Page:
Los Angeles Public Library/Herald Examiner Collection. Posted on NPR’s website 2015.

 

TEACHING TIPS: In All the Stars Denied, as in Shame the Stars, Garcia McCall shows readers why Mexican American studies is an incredibly important part of any school curriculum, but especially in areas of the country where a majority of the population either comes from or is descended from Latinx countries. Both books stand on their own. By reading both novels, the reader learns about a slice of history not often taught, and is able to do so in both a macro- and microscopic way. In All the Stars Denied, readers see the damage that Mexican Repatriation did to entire communities in cities across the country, as well as to individuals and their families. The life-and-death stakes were real, and this book is an excellent way to introduce not only the chaos caused by terrible discrimination in general, but specifically the destruction caused by unjust immigration laws and xenophobia.

The novel can also teach about the economic hardships experienced around the country as a result of the Great Depression. Much of what Estrella’s family faces during their time in limbo is a result of their lack of monetary resources, but also the lack felt by both the U.S. and Mexico.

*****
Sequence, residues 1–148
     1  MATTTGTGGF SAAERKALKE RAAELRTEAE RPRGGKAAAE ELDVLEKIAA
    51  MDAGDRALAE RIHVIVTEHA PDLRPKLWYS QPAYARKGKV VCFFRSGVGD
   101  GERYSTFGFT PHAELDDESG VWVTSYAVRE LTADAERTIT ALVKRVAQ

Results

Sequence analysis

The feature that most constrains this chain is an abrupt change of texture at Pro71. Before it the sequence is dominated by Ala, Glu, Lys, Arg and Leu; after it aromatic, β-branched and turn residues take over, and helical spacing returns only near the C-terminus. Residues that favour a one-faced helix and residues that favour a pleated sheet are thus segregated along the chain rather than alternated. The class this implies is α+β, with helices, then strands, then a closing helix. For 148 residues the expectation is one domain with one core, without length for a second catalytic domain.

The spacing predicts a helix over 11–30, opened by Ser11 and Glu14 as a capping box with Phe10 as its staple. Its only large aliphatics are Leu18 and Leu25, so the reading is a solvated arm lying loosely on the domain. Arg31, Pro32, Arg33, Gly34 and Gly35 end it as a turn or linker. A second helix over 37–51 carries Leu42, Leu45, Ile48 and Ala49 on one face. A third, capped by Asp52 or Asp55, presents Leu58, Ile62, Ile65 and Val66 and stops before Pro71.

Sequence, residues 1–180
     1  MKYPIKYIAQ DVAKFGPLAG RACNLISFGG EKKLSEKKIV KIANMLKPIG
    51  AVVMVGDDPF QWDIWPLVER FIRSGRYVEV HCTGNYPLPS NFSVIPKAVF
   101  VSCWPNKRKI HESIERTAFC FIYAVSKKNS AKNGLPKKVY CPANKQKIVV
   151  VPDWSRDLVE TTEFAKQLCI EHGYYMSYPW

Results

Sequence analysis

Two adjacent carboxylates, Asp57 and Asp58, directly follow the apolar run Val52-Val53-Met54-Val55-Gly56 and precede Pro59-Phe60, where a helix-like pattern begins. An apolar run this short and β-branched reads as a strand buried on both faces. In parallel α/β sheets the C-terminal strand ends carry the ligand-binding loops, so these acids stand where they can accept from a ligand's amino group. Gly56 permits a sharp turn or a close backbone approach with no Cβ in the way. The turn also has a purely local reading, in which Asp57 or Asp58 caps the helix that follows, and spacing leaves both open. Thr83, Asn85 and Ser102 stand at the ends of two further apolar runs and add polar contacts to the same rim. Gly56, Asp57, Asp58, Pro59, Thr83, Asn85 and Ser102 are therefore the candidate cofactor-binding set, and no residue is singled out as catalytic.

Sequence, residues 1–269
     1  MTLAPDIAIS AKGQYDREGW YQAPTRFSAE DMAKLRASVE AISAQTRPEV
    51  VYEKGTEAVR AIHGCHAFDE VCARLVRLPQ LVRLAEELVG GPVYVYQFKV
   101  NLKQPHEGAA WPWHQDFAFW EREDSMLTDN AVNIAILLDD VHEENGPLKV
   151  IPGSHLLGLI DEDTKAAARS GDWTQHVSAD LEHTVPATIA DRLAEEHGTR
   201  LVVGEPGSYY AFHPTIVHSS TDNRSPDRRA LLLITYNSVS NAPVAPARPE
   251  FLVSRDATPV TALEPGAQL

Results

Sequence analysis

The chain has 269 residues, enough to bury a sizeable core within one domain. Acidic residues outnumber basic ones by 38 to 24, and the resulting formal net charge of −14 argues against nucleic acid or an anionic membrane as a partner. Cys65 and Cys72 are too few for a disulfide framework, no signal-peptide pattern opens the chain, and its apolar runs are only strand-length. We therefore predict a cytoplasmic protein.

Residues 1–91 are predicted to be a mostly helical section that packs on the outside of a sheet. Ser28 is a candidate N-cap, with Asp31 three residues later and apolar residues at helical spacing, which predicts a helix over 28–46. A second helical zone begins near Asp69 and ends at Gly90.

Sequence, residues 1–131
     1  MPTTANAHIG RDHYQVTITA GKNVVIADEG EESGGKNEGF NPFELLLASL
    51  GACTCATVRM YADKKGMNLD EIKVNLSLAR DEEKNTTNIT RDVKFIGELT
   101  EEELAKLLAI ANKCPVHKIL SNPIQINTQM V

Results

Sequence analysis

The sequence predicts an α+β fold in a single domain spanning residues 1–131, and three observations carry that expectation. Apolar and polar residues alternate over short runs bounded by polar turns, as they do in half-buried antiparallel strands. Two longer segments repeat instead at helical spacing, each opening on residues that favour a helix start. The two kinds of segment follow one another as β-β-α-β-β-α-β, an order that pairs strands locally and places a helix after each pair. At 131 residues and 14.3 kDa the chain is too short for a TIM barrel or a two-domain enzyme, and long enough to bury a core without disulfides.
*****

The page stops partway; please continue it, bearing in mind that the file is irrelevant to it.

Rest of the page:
Though not the only two teaching tips in the book, these points can easily be used to jump into more contemporary conversations, looking at ways in which present day immigration laws and current economic policies create waves of hardship experienced by many already disenfranchised communities. The resources that Garcia McCall includes in the appendices give excellent background information that is accessible and of significant interest to both youth and adult historians interested in learning about this piece of concealed history.

Posted on Lee & Low Books’ websiteJacqueline Stallworth, curriculum consultant and professional developer, created a guide featuring All the Stars Denied for the “Putting Books to Work” panel at the International Literacy Association (ILA) conference. Check out this guide to find out about tips and strategies for how to use All the Stars Denied alongside other great texts in your classroom.

 

 

ABOUT THE AUTHOR (from Lee & Low Books): Guadalupe Garcia McCall was born in Mexico and moved to Texas as a young girl, keeping close ties with family on both sides of the border. Trained in Theater Arts and English, she now teaches English/Language Arts at a junior high school. Her poems for adults have appeared in more than twenty literary journals. McCall is an up-and-coming talent whose debut YA novel, Under the Mesquite, won the Pura Belpré Award and was named a Morris Award finalist. McCall lives with her husband and their three sons in the San Antonio, Texas, area. You can find her online at guadalupegarciamccall.com.